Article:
Marines

Nepali native sails toward goals in Iraq

3 Feb 2007 | Lance Cpl. Andrew Kalwitz

A Pyuthan, Nepal, native has proven to be of great worth to the fix-it-up process at the Camp Taqaddum Surgical Detachment.

Petty Officer 3rd Class Shiva R. Giri, a surgical corpsman with Charlie Surgical Company, 1st Medical Battalion, 1st Marine Logistics Group (Forward), has been an asset to his unit since arriving here in August. Whether with his ability to speak six languages fluently or by donating his own blood to help a patient in need, he has helped his unit on levels beyond his required duties, according to his peers.

"He's an outstanding sailor and has a very positive demeanor about him," said Senior Chief Petty Officer Donald W. Clark, the operations chief from Giri's unit.

Already having a two-year bachelor's degree from Tibhuvan University in Kathmandu, Nepal, Giri enlisted in the Navy to acquire his United States citizenship and enroll in American college courses.

"He studies the hardest out here," said Clark. "I think his maturity helps him. He's very focused on furthering his education."

Giri has completed two classes with the University of Phoenix since enlisting. He plans to continue progressing toward his master's degree when he returns to the U.S. after his deployment.

Giri has also been exposed to cultures beyond those of Nepal and the United States. While living in Saudi Arabia for two years, he worked in a restaurant where customers and co-workers played a part in his understanding of Arabic cultures.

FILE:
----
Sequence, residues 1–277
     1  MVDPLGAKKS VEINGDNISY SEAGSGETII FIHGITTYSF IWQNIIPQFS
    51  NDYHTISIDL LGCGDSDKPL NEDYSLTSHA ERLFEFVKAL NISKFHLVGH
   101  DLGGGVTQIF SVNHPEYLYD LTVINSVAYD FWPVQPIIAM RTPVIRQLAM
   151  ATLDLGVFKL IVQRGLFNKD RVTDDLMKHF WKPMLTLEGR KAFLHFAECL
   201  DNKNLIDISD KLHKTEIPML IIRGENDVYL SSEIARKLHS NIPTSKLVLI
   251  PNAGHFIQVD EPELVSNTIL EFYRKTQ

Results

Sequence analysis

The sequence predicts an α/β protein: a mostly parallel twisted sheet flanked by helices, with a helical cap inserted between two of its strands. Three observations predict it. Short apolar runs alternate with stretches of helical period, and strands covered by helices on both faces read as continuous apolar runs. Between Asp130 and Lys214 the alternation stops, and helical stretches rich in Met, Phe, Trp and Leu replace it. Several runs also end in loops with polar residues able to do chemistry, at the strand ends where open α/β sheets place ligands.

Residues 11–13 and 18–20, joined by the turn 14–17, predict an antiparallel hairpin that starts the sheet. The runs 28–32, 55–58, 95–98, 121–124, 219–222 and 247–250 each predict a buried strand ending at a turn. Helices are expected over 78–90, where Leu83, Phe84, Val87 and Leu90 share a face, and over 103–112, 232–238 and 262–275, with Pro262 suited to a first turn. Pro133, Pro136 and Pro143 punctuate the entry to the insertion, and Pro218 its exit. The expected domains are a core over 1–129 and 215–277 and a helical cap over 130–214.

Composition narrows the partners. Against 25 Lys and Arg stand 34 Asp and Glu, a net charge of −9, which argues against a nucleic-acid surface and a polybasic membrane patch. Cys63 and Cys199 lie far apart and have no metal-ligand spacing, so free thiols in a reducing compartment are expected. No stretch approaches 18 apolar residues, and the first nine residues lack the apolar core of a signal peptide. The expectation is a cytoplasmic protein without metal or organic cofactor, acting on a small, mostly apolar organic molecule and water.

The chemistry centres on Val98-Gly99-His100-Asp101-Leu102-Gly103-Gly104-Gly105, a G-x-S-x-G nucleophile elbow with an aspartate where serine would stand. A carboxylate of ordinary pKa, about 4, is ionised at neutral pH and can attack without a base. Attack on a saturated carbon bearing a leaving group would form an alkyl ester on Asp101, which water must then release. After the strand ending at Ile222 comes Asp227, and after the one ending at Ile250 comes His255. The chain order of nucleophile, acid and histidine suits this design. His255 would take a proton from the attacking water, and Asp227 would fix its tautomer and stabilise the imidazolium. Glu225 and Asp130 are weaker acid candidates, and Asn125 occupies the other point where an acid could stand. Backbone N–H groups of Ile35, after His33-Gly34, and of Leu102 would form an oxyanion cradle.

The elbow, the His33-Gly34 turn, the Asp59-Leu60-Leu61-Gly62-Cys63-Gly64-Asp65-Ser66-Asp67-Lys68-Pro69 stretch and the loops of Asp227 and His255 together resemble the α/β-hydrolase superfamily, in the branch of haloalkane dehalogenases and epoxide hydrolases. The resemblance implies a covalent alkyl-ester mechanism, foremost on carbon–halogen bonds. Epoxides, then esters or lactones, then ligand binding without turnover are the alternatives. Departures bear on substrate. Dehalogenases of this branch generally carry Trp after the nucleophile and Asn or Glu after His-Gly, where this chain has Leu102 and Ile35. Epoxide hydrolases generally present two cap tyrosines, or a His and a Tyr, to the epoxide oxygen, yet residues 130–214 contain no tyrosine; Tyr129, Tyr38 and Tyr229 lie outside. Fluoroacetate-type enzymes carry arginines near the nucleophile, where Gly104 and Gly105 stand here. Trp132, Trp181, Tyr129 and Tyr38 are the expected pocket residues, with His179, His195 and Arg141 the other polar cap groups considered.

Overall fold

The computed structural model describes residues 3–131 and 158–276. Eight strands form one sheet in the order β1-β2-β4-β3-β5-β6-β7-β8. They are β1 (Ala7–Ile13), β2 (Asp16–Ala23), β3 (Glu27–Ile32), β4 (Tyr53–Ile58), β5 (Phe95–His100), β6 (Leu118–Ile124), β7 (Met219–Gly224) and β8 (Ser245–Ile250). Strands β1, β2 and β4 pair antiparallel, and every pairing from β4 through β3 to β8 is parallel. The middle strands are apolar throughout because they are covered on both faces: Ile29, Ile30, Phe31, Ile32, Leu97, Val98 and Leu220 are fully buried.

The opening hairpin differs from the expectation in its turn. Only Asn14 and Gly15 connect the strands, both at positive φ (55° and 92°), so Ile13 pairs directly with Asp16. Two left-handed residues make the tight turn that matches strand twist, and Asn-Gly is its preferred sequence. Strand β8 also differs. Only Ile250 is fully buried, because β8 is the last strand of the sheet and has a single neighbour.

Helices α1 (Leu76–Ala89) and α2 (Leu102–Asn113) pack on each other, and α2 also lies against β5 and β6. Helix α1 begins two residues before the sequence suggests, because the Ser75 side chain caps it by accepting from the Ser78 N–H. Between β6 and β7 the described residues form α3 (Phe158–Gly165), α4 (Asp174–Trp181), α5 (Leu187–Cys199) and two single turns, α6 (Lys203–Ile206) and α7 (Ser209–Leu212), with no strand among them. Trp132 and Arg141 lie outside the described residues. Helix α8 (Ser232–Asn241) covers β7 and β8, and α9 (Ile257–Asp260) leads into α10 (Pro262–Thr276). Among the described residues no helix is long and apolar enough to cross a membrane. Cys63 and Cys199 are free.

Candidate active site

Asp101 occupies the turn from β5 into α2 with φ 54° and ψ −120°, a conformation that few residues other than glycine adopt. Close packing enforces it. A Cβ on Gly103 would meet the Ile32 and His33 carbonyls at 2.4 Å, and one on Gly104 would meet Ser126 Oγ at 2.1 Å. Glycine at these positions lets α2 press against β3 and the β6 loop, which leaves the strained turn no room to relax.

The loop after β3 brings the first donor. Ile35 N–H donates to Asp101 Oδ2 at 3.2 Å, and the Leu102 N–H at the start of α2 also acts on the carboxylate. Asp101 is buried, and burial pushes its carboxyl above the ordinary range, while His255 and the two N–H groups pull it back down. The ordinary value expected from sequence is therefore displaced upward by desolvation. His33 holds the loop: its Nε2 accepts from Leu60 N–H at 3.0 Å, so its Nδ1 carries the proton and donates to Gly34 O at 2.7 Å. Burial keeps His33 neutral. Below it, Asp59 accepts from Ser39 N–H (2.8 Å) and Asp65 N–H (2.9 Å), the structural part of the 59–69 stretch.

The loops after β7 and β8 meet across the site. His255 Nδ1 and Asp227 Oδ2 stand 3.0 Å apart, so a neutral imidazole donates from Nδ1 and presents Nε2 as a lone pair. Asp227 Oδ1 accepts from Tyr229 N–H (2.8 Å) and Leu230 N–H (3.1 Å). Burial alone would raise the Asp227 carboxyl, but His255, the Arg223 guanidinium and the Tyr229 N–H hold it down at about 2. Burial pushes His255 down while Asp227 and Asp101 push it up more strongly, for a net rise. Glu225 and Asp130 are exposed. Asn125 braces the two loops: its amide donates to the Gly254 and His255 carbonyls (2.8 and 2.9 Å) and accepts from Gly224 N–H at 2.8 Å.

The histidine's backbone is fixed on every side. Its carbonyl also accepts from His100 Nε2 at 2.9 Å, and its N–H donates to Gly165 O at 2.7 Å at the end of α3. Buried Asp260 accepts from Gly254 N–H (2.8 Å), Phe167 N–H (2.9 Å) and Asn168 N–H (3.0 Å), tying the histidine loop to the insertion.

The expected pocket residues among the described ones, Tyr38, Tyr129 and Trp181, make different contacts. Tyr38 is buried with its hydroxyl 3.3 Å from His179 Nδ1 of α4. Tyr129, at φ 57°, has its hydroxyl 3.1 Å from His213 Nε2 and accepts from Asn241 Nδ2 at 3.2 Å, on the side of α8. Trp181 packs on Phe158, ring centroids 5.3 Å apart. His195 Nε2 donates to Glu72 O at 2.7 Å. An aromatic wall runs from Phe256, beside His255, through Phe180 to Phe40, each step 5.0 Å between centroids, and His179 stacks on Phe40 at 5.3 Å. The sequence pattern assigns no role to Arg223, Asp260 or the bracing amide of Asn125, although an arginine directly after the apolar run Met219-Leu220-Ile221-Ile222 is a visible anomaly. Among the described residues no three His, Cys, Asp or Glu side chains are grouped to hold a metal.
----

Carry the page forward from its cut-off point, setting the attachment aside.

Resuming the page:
"We've had him translate for patients and that's great help because we only have two translators here and when they aren't available we can use him," said Clark, an Atlanta native.  "One of his languages crosses over into Arabic and he is able to understand what our Iraqi patients are trying to say."

Equipped with all his skills and knowledge, Giri plans to someday earn a commission and become a naval officer.

"My wife, Manju, whom I married March of 2006, wants to see me in an officer uniform someday," said Giri. "Also, my mom and dad always wanted me to work as an officer. They would be very proud to hear what I became."

Giri not only receives encouragement from his wife and his family in Nepal, but from his second family, the Navy. His fellow sailors have been supportive of his goal to become an officer.

"It would be an honor for me to write a recommendation for him to be selected for Officer Candidates School," said Capt. Michael A. Thompson, Giri's officer-in-charge. "He already embodies those qualities inherent in our best officers."

Through the acknowledgement of Giri's qualities, Thompson expressed much appreciation for the sailor and skills he brings.

"He has great intelligence, honor, and personal dedication, as well as organizational and interpersonal skills that are the hallmark of a good leader."

As Giri looks to his future, the Navy continues to look to him. The goals of the one and the opportunities made available by the other compliment each other much like the tools of a handyman's toolbox.
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